An American contractor that came under fire several years ago for cost overruns and delays during the construction of a major U.S.-funded power plant in Afghanistan faces renewed criticism on another, much smaller project.
Engineering firm Black & Veatch of Overland Park, Kan., had blamed a subcontractor, Symbion Power, for holdups a few years back in construction of the Tarakhil power plant near Kabul, a $300 million project plagued by so many problems that critics nicknamed it “The White Elephant of Kabul.”
Symbion denied it was responsible for delays. The subcontractor was cleared of fraud or deliberate misrepresentation last year through arbitration, which awarded Symbion $7.3 million plus interest in damages and fees from Black & Veatch.
Black & Veatch’s latest trouble in Afghanistan comes with a federal audit, published in December, that determined that the company failed to provide an installation plan for millions of dollars in electrical equipment that sat unused for months in a warehouse near the city of Kandahar.
The U.S. Agency for International Development had awarded a $3.4 million contract to Black & Veatch in 2009 to provide technical assistance, training and support to the country’s national power utility. Afghanistan ranks among the countries with the lowest energy production in the world.
Over time, Black & Veatch’s contract with USAID was modified to focus on the commercialization of the national utility, and the original contract’s value nearly doubled, according to the audit by the State Department’s special inspector general for Afghanistan reconstruction.
Neither Black & Veatch nor USAID could provide evidence to auditors that the contractor had completed most of the work required, including an installation plan for the meters. But USAID paid the company in full anyway, the audit said.
Auditors reported that without an installation plan, almost $12.8 million worth of transformers, poles, wires and other equipment purchased to upgrade Afghanistan’s antiquated electrical system had been sitting in storage since at least last March. They fretted that the manufacturer’s two-year warranty on 50,000 electrical meters might expire before they were installed.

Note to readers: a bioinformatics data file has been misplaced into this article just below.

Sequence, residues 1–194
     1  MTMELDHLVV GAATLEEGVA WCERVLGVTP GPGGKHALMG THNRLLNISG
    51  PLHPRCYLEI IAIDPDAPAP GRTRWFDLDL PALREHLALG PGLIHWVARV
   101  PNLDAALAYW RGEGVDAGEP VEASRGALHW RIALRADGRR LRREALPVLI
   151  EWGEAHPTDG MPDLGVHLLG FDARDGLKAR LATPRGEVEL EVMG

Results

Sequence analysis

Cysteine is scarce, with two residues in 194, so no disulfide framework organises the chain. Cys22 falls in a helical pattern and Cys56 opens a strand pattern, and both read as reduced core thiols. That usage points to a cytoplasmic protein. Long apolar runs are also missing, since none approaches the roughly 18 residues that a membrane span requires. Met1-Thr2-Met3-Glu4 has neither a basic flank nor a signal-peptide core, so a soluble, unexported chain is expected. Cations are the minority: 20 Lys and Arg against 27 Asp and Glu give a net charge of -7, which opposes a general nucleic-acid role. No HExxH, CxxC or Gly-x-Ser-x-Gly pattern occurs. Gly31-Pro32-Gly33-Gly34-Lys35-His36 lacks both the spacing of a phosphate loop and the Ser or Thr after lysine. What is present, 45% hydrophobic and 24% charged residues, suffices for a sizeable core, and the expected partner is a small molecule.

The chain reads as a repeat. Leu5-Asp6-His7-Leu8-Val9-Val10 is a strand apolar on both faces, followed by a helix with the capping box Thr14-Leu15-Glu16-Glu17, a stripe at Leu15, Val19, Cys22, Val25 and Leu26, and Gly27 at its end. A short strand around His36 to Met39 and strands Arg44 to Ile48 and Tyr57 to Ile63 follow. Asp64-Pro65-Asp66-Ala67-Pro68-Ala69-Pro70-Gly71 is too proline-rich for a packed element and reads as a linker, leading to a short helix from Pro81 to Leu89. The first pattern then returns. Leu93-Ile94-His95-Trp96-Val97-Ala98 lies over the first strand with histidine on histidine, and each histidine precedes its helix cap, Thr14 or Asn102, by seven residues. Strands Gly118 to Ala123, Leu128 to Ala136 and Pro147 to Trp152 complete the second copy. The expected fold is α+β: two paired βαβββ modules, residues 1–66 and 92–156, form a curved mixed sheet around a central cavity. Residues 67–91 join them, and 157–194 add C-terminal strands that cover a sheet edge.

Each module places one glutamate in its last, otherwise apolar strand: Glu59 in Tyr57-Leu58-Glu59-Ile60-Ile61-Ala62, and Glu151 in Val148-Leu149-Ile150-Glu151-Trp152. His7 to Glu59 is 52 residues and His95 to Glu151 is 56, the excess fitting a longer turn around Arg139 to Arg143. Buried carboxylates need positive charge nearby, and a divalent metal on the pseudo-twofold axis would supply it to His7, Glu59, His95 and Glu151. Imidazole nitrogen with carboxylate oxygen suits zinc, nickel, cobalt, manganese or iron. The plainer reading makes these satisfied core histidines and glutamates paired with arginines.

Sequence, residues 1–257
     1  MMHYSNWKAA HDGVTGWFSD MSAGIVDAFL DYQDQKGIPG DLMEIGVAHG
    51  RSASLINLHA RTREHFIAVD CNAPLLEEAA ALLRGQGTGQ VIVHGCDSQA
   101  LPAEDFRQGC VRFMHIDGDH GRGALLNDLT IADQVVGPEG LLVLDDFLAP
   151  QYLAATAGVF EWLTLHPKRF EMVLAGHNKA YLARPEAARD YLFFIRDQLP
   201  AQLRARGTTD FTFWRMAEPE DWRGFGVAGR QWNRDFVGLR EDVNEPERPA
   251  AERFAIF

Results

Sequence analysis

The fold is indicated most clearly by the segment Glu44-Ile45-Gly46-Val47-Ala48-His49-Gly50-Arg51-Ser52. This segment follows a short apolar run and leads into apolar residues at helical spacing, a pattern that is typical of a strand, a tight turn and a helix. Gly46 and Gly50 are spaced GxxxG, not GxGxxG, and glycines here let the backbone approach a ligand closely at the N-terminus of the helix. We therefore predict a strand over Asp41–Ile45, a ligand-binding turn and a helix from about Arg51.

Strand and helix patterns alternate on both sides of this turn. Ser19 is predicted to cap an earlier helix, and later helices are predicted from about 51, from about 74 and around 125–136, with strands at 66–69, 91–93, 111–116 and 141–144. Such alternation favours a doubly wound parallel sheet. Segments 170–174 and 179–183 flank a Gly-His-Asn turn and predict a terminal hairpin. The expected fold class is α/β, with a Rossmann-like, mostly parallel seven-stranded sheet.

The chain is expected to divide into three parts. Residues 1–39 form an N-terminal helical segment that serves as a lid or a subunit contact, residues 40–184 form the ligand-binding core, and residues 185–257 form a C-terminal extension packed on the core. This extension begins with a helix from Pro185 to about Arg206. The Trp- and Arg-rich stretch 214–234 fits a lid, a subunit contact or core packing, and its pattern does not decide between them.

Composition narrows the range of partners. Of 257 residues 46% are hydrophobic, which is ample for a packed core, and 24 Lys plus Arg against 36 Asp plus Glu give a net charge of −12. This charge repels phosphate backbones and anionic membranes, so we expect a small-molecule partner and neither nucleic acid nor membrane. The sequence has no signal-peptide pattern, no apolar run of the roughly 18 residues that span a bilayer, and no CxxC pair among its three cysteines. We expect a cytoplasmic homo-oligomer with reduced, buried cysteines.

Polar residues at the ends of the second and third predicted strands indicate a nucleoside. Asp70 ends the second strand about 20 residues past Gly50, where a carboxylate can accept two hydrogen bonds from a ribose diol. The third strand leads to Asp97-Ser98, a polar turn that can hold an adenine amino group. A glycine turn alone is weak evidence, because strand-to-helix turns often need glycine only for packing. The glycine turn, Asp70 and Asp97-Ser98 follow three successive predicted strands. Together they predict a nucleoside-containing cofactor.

“This would leave the U.S. government with no recourse for the manufacturer to replace defective equipment under warranty,” the audit reads.
Black & Veatch said in a statement that the company was proud of the work it had done in the region.
“Our focus remains to work in close cooperation with USAID to complete closeout of the deliverables and the project,” the company said.
Asked to explain why a copy of the installation plan wasn’t provided to auditors, Black & Veatch defended itself by quoting USAID’s official comments attached to the audit, which say that the contractor did complete a plan in the form of a technical schematic for the equipment. USAID said in its comments that the contract with Black & Veatch didn’t include installation.
Auditors still hadn’t seen a copy of the installation plan by the time the audit was published. USAID said Tuesday that it was continuing to work with auditors and would give them the plan within days.
USAID told McClatchy that some of the equipment now is being used to upgrade a medium-voltage system in southern Afghanistan and will be of further use as part of a power system-improvement project, also in the south.
USAID paid Black & Veatch the maximum fee of $5.76 million for the project last July. The audit recommends that USAID seek reimbursement from Black & Veatch “to hold the contractor accountable.”
Founded in Kansas City, Mo., in 1915, Black & Veatch is one of the largest private companies in the United States. It has more than 110 offices worldwide and employs 8,000 people. In 2011, the company had revenues of $2.27 billion.